The difference in mean scores of VP/VLBW children and those of children from the general population was similar for internalising and externalising problems, whereas most previous studies found an excess of externalising and attention problems.12 However, when examining clinical scores, we also found an excess of externalising and attention problems, but not of internalising problems. This indicates that mean levels of internalising problems are somewhat increased among VP/VLBW children, but that these increases are mostly moderate (whereas they are more pronounced for the other types of problems). At the level of specific CBCL syndrome scales, standardised mean differences between the two groups (fig 11)) were largest for the scales designated as attention problems, social problems, thought problems and withdrawn (by decreasing size of standardised differences). An explanation for the larger mean excess of internalising problems among VP/VLBW children in our study, especially withdrawn behaviour, may be that this behaviour becomes especially visible when children enter school. At that particular moment, owing to the higher prevalence of intellectual and physical problems, a VP/VLBW child may be shyer than average. This situation‐oriented character of emotional problems could also explain the moderate nature of this excess that seldom reached a clinical level.
Regarding withdrawn behaviour, we found larger mean differences between VP/VLBW children and children from the general population for girls than for boys. Sykes et al28 and Botting et al26 found similar sex‐related differences among older school‐aged (7–8‐year‐old and 12‐year‐old) VLBW children. However, most studies aiming at VLBW children in these age groups found no sex‐related differences.11 On the other hand, Hack et al12 found an excess of this type of withdrawn behaviour also among 20‐year‐old VLBW women according to both parent reports and self‐report, but not among men in this age group. This can be interpreted as an increased vulnerability for this type of problem among VLBW women.
Regarding externalising and attention problems, most studies have shown VLBW boys to be more susceptible to problems than boys from the general population,12,25,26,27 and our study is no exception. We found especially large differences between VP/VLBW boys and boys from the general population regarding social and attention problems. The process of school entrance may reinforce this well‐known effect of VP/VLBW on children, and the rather general response of children to this process, that they become either too active or too shy, may simply be more pronounced among this group. School is the first setting in which children really have to concentrate on specific tasks for long periods, and have continuous social interaction in a large group. Nadeau et al29 showed that a relatively isolated problem in working memory may explain attention problems among 7‐year‐old VP/VLBW children. Targeted educational assistance for VP/VLBW children and their parents during at school entrance might help them in overcoming such attention problems.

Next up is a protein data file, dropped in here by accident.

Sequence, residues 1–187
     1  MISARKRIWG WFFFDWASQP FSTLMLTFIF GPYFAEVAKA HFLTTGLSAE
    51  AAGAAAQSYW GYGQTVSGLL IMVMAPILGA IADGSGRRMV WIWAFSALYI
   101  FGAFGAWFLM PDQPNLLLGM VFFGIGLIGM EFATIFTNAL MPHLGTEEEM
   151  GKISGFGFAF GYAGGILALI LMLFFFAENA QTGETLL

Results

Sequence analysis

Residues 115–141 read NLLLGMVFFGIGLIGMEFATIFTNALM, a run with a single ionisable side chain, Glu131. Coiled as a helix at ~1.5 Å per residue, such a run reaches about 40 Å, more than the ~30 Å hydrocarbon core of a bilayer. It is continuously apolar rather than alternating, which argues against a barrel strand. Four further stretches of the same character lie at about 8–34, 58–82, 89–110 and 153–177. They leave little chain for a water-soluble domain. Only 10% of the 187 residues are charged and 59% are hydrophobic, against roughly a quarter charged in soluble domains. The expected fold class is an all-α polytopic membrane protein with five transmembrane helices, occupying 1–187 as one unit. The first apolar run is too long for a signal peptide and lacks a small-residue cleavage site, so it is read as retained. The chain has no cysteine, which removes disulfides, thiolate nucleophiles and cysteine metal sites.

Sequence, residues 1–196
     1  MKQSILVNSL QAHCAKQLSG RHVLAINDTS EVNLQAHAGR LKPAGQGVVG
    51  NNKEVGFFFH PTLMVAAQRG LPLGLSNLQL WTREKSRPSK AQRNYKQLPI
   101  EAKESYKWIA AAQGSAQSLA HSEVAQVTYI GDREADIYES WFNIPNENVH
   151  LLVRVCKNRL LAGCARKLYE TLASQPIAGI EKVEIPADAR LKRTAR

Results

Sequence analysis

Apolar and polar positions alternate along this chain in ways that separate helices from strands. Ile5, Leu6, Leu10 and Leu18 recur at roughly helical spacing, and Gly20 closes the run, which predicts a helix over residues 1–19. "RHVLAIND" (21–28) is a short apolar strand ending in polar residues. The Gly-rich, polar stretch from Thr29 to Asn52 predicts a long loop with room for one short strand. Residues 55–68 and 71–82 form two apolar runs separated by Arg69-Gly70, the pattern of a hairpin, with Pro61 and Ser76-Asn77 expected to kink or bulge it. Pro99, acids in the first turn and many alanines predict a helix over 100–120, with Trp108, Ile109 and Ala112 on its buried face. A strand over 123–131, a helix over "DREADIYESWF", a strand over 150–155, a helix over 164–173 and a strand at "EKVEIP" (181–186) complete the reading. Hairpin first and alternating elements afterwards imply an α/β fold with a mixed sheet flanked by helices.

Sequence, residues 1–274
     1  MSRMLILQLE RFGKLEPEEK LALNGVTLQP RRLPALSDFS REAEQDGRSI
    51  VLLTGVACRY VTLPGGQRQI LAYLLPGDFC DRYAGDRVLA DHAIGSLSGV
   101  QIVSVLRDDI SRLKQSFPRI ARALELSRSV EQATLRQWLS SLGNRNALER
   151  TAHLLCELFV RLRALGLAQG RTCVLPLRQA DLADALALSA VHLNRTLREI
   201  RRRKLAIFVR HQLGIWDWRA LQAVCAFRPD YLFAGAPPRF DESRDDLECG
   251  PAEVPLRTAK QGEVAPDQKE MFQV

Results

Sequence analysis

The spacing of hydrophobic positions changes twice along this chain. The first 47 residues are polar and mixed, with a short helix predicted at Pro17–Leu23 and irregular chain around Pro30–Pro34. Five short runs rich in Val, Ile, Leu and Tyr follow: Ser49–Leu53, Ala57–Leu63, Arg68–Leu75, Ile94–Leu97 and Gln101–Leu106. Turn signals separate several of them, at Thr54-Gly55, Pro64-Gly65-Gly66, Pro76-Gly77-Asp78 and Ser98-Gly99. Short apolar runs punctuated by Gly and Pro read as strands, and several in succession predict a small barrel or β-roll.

Regarding other types of externalising problems, such as aggression and delinquent behaviour, we found a somewhat higher prevalence, but not a large excess, among VP/VLBW children for each sex. This may imply that a (very) low birth weight is associated with problems in normal social interaction with others, without leading to more general antisocial behaviour. A second domain showing relatively numerous problems among VP/VLBW children relates to attention and thinking, which seem to be specifically vulnerable to the consequences of being born with very low weight.
Overall, our results show rather general difficulties in the domain of socioemotional development. This may indicate that an underlying developmental problem affects several domains, as our study also shows more behavioural and emotional problems among VP/VLBW children with paediatrician‐confirmed problems than among others. Another study on extremely preterm children also found that many children show disabilities in more than one developmental domain.16 These problems at 5 years of age were related to developmental outcome measures at 2 years. A study that longitudinally followed up a group of preterm children until 10 years of age and distinguished between subgroups according to academic problems present at 10 years showed differences in the developmental course of these subgroups that gradually diverged during the first 2 years.30 Interventions regarding behavioural problems may therefore be already appropriate in toddlers.